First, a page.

Scene: The day of placements at your b-school and there is palpable tension in the air and you finally hear the news – the XYZ Company has offered you a job and you have been offered an annual package of Rs 11,00,000 ! You blink for a moment and realize that you earn 1.1 million rupees annually! Not bad considering the situation the economy is in! And you slowly start putting on the airs of a new Rupee Millionaire till you receive your first pay check in hand. You see that you have got only Rs 60,000. Doesn’t that mean you are just receiving 7.2 Lakhs? Or considering Tax deductions, where did my 2.8 - 3 lakhs go? You start cursing the HR and the inefficient payroll department of your company and decide to give a earful to your payroll department, when they explain the situation in one word – ‘CTC’! CTC? It is not even a proper word, it’s an abbreviation! And yet it is supposed to explain where fantastic sums of money from your salary have disappeared!
CTC – Cost to Company, simply said- is looking at your salary from the company’s point of view. While calculating the CTC, your company factors in all the elements which would cost the company because of you. There are several components to your salary, most common of which are:
2. Incentives or bonuses/performance pay
3. House Rent Allowance (HRA)
4. Conveyance allowance
5. Medical allowance
6. Leave Travel Allowance/ Concession (LTA / LTC)
7. Telephone / Mobile Phone Allowance
8. Special Allowances
These components are part of your salary and are normally written in bold letters on your offer letter. However the hidden components which are visible at first look are the following;
1. Company’s contribution to Provident Fund:
Currently your contribution to the Provident Fund should be 12% of your basic pay. Your Employer also contributes 12% of your basic pay to your Provident Fund account. This 12% also forms part of your CTC since for the Employer, this is an expense they are bearing because of you.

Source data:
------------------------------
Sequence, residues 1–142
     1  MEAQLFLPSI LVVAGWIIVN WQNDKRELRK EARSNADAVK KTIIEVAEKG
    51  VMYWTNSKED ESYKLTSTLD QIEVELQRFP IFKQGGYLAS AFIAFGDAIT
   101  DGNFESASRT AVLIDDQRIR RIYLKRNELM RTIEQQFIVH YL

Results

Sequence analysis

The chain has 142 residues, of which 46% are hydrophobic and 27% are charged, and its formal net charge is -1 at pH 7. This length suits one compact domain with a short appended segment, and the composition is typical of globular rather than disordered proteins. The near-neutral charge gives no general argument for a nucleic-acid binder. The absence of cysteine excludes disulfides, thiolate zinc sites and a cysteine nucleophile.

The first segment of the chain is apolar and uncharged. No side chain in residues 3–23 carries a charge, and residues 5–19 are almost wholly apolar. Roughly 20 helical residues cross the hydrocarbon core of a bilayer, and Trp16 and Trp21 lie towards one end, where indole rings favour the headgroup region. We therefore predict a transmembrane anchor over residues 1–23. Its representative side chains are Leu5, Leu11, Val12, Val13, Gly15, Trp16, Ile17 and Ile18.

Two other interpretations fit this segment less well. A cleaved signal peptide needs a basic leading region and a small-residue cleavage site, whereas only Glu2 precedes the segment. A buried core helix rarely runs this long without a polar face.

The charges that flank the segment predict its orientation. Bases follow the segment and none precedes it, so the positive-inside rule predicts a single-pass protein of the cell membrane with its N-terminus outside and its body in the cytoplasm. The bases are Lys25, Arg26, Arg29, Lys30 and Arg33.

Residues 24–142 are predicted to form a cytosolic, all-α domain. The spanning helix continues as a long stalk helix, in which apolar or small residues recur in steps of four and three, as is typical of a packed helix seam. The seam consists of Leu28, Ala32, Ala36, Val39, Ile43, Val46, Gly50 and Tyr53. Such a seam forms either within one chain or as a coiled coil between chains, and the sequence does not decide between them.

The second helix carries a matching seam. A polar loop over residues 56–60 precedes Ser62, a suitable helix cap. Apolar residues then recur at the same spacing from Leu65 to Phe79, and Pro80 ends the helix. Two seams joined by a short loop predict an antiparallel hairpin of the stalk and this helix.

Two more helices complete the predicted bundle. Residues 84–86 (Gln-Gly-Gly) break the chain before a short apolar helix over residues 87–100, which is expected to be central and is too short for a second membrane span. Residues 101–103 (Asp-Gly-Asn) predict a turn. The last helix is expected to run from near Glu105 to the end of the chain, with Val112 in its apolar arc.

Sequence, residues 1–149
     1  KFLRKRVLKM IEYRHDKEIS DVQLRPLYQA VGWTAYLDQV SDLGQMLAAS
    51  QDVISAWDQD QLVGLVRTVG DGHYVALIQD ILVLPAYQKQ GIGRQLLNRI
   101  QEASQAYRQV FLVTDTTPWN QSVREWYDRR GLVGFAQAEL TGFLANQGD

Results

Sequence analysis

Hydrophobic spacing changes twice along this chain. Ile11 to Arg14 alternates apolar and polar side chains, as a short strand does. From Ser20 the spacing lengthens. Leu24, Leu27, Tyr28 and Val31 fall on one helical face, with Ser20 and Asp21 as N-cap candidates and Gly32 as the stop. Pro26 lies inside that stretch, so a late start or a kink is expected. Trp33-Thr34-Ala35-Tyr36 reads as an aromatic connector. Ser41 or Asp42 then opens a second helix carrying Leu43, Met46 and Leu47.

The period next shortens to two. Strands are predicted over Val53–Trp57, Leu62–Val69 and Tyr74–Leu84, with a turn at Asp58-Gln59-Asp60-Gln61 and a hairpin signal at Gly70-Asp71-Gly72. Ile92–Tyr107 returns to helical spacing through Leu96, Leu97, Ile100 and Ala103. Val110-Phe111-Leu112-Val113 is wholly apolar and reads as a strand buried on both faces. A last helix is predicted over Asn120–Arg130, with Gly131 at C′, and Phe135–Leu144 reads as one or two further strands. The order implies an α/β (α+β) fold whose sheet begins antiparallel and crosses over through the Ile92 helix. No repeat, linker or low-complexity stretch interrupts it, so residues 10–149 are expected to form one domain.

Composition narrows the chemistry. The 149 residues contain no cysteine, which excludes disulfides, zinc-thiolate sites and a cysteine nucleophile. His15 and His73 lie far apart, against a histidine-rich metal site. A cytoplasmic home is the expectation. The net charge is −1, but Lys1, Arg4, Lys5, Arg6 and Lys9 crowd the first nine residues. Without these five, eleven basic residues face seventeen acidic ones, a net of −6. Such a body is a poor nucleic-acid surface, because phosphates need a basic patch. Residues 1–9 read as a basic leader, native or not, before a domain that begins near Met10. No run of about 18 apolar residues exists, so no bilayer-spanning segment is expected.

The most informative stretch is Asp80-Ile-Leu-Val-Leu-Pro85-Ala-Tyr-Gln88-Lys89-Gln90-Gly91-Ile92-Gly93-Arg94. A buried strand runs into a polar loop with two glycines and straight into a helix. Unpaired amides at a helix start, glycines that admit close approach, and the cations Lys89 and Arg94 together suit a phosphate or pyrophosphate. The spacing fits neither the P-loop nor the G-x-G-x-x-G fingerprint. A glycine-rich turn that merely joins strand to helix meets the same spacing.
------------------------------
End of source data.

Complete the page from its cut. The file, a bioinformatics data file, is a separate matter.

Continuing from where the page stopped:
This comes as Medical and Life Insurance. Most companies offer Medical Insurance and Life Covers for their employees. The premium that your company has to pay for to obtain this cover also forms part of the CTC! So if your company pays an annual premium of Rs 5000 to give you a Medical & Life Insurance Cover, your take-home pay reduces by this amount.
Interestingly a friend of mine who works for a leading brokerage house in India recently got a CTC hike of Rs 5,00,000 in the middle of the year! Before you say ‘Wow’ & ’India Shining’ etc, let me add that this hike did not reflect in a greater take-home pay. His employer simply changed the way they look at Insurance they were already providing him! Since he was being provided a Rs 5,00,000 life insurance cover, the employer just chose to add that as part of his benefits & hence to his CTC!!! I must admit that this is a pretty unique phenomenon but is now the norm at this particular brokerage house.
Transport facilities, Medical Facilities, Gym/Club Memberships, Libraries etc charges are costs borne by the Employer for you and some Employers may include these in your CTC!
4. Gratuity & Gifts during festivals are other not so visible components of your CTC
Heights of Innovation in CTC:
I came across an article where the Indian arm of a leading Investment Bank had included Office Space Rent in their Employees’ CTC! It is not a joke and this was how it was calculated. They would look at the size of your cubicle and multiply it by the per-Square foot rate! So an Employee occupying an 8 foot by 8 foot cubicle where the rent per square foot is Rs 250, is Rs 16,000 per month and is Rs 1,92,000 per year. I shall not take the name of that I-bank since I have heard that they have a team of litigators who love suing people. (My current CTC doesn’t permit me to take on law suits!)
Now before you turn all envious about that guy who landed a plum Investment Banking job, think about the commercial rental prices in Mumbai!
Indian companies usually talk in terms of CTC as the figures look more impressive. But often they may mislead a candidate. You need to carefully look at their offer and calculate yourself how much your take home pay will be. After all, all deductions are based on fixed percentages and you can easily arrive at a close figure.
The list above contains some of the CTC’s not-so-visible components, however payroll departments of companies keep churning out fancy and more innovative methods of CTC almost every day. Do you know of any innovative CTC component